Target and actual SQL Server uptime survey results

Exactly five years ago I published survey results showing target uptime SLAs and actual uptime measurements. I re-ran the survey a few weeks ago to see what’s changed, if anything, in the space of five years, and here are the results. 24×7 Systems     Other responses: 1 x 99.95% Non 24×7 Systems Other responses: […]

TechNet Magazine article: data protection and the corporate jigsaw puzzle

My latest feature article for TechNet Magazine has just been published in the April edition. It focuses on planning an HA/DR strategy within the confines of a larger corporate IT strategy, from multiple perspectives but really focusing on the IT manager role and how to interact both up (to business managers) and down (to DBAs). […]

Importance of network latency when using database mirroring

Last week I kicked off a survey about network latencies and database mirroring. See here for the original post. Here are the results of the survey:   I was really interested to see whether the proportion of people doing asynchronous mirroring became higher as the network latency increased. Although this isn't a statistically valid sampe […]

Importance of monitoring a database mirroring session

Last week I kicked off a survey about how you monitor your database mirroring sessions. See here for the original post. Here are the results of the survey:   The "Other" values were: 6 people monitor mirroring session state changes One uses a 3rd-party product to do monitoring One monitors response time for the application […]

Survey: database mirroring latency between servers

In my survey for this week, I'd like to know what you what the network latency is between your mirroring principal and mirror servers, and what kind of mirroring you're using. I'll report on the results during the second week of February. Thanks!

Survey: monitoring database mirroring

In my survey for this week, I'd like to know what you monitor if you're using database mirroring. [Edit: The survey has closed now. See here for the results.] I'll report on the results during the first week of February. Thanks!

In defense of transactional replication as an HA technology

Yesterday on Twitter a few people expressed disgust at a conference slide listing transactional replication as a high-availability (HA) technology. I took exception to that and argued. I think the discussion merits a blog post so here it is. This point of view is controversial and I'm expecting some dissenting comments – bring them on! I teach […]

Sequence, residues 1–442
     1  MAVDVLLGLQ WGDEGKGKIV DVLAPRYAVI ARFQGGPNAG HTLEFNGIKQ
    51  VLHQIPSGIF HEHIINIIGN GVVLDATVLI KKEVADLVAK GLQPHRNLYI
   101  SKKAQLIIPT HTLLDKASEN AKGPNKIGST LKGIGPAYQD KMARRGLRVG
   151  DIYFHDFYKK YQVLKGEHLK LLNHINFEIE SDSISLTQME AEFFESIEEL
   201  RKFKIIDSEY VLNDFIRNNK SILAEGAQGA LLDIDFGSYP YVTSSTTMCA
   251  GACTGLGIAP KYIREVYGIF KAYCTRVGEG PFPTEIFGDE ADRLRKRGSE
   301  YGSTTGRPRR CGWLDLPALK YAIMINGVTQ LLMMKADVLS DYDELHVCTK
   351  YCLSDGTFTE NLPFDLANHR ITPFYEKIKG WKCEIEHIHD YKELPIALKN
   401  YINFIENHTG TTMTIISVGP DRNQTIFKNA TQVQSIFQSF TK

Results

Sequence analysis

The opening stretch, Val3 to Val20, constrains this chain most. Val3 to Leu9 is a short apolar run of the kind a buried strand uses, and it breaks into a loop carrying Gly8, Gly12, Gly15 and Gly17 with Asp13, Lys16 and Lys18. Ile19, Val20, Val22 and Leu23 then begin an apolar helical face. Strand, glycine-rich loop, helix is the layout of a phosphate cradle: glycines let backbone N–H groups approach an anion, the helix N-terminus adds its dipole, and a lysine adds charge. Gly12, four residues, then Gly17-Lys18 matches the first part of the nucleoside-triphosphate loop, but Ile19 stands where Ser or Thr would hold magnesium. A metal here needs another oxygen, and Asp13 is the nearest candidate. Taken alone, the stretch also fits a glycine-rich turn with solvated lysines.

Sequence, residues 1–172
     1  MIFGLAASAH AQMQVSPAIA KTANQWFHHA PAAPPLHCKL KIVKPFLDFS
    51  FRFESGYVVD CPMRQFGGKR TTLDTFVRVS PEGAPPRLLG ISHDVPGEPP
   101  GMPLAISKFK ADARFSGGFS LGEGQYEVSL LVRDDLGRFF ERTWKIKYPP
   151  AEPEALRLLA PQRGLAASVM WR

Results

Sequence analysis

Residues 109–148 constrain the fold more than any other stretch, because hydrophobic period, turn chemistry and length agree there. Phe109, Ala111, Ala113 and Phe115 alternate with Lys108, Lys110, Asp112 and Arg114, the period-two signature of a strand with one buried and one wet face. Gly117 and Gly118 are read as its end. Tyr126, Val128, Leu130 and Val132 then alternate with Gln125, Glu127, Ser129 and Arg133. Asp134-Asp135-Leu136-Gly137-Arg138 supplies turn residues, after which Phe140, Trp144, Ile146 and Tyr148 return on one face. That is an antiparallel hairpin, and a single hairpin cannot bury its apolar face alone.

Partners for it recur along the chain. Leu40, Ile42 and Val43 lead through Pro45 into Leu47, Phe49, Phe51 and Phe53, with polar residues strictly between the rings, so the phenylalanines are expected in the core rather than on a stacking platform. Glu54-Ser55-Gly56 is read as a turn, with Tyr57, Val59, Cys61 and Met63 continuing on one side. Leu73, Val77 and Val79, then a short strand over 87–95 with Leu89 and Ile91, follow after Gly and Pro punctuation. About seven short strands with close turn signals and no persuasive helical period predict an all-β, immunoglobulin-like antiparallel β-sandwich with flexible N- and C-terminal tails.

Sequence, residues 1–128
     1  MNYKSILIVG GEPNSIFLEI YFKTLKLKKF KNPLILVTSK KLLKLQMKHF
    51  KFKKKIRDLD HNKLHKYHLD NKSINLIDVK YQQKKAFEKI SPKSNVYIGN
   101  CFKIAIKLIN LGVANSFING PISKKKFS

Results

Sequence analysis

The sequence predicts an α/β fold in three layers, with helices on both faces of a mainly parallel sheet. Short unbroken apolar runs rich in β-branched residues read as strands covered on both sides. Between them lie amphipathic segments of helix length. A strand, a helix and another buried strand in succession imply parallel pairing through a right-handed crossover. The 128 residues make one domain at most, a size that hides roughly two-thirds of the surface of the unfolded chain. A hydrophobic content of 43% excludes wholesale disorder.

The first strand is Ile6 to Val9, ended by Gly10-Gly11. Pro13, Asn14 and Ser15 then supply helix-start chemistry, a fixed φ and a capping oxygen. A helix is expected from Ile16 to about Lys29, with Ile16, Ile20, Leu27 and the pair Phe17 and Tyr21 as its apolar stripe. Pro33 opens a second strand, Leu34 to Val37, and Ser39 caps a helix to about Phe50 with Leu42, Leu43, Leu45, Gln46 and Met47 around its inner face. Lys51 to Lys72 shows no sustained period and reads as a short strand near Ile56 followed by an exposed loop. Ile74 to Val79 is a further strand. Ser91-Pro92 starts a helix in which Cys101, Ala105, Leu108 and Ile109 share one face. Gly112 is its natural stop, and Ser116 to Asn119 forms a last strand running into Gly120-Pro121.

Whitepaper on high-availability architectures published

The 20-page whitepaper I wrote this Spring for the SQL team has just been published. This whitepaper is titled Proven SQL Server Architectures for High Availability and Disaster Recovery and ties in with the longer whitepaper I wrote last year on High Availability with SQL Server 2008 (see here). This new whitepaper describes the five […]

Important things for DBAs to consider

(Look in the Misconceptions blog category for the rest of the month’s posts and check out the 60-page PDF with all the myths and misconceptions blog posts collected together when you join our Insider list, plus my online Myths and Misconceptions training course on Pluralsight.) Over the last month or so I’ve found myself handing […]

A SQL Server DBA myth a day: (7/30) multiple mirrors and log shipping load delays

(Look in the Misconceptions blog category for the rest of the month’s posts and check out the 60-page PDF with all the myths and misconceptions blog posts collected together when you join our Insider list, plus my online Myths and Misconceptions training course on Pluralsight.) A short one today as I'm teaching a class on […]

A SQL Server DBA myth a day: (1/30) in-flight transactions continue after a failover

(Look in the Misconceptions blog category for the rest of the month’s posts and check out the 60-page PDF with all the myths and misconceptions blog posts collected together when you join our Insider list, plus my online Myths and Misconceptions training course on Pluralsight.) Fellow MVP Glenn Berry (Twitter|blog) has just started a blog […]

Things to consider when setting up database mirroring

Over the last week or so I've been helping the Product Support folks at Microsoft write a new KB article which discusses some of the things you should take into consideration when setting up database mirroring. It discusses memory, CPU, I/O bandwidth, network bandwidth, and transaction volume. One of the most interesting things it discusses […]

SQL Server 2008 High Availability whitepaper published on MSDN

The 35-page whitepaper on high availability I wrote for the SQL team over the summer has been published on MSDN. It’s a 2-300 level whitepaper that describes the various high-availability technologies in SQL Server 2008 and how they can be used to mitigate disasters. It’s chock-full of links to other whitepapers, technical articles and Books […]

Adding geo-redundancy to failover clustering

A few weeks ago I kicked off a survey on how you add geo-redundancy to a failover cluster (see here for the survey). The results as of 8/26/09 are as follows:   So why is this interesting? Well, many people will suggest failover clustering as the best way to provide high-availability for a database (or […]

Survey: How do you provide geo-redundancy with clustering?

I'm moving away from strictly weekly surveys as they're a little demanding, especially when we're on the road. In this survey I'd like to know which technology you use to provide geo-redundancy to databases that are protected locally using a failover cluster. I'll report on the answers sometime around the middle of August. *Please* no comments […]

Importance of defining and measuring SLAs

In last week's survey I asked you two things, as a precursor to a whitepaper I'm writing for Microsoft The first question was what is your maximum allowable downtime SLA (either for 24×7 operation or not). See here for the survey. Here are the results as of 5/30/09.   The Other values were all about not having […]